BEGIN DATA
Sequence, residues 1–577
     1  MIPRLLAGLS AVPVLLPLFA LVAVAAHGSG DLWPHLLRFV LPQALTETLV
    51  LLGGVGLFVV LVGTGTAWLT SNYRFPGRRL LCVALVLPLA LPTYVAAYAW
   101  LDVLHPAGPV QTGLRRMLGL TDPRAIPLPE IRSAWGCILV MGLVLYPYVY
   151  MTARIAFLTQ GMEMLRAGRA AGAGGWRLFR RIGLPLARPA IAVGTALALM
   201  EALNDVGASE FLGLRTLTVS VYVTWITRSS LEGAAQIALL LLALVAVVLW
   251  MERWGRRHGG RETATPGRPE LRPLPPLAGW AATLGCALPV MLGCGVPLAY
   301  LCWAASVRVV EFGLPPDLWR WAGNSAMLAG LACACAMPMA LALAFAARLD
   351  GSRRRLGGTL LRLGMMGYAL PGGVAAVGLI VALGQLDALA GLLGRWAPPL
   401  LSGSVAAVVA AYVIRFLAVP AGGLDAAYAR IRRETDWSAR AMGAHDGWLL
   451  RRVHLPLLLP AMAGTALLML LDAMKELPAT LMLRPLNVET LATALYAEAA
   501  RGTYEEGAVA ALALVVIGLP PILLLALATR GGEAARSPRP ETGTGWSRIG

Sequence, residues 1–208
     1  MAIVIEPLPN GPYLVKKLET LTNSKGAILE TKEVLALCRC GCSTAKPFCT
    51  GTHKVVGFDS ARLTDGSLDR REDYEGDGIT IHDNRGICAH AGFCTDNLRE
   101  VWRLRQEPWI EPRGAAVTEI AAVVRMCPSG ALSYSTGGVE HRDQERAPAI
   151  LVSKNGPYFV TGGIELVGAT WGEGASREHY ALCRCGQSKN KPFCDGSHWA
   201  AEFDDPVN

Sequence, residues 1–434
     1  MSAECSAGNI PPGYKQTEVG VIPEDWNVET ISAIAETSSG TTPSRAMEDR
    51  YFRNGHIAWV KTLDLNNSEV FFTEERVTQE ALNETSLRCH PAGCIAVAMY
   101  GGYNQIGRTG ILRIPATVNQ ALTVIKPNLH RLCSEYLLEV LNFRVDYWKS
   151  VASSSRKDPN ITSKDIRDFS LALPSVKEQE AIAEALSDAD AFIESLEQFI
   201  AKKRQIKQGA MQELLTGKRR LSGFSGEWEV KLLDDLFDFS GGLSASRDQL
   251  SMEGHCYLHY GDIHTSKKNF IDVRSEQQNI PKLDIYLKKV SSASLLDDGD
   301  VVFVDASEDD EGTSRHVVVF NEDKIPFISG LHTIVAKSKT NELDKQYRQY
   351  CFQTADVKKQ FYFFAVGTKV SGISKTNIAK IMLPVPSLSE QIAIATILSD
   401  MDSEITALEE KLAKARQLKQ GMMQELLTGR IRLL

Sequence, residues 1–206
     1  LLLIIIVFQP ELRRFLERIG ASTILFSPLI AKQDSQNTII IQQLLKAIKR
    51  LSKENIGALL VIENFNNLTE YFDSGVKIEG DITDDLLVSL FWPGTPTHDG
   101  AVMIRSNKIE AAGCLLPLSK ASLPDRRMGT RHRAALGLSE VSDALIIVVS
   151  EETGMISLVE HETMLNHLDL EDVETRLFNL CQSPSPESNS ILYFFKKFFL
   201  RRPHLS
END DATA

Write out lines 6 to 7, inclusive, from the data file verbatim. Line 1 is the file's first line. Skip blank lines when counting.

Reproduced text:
   201  EALNDVGASE FLGLRTLTVS VYVTWITRSS LEGAAQIALL LLALVAVVLW
   251  MERWGRRHGG RETATPGRPE LRPLPPLAGW AATLGCALPV MLGCGVPLAY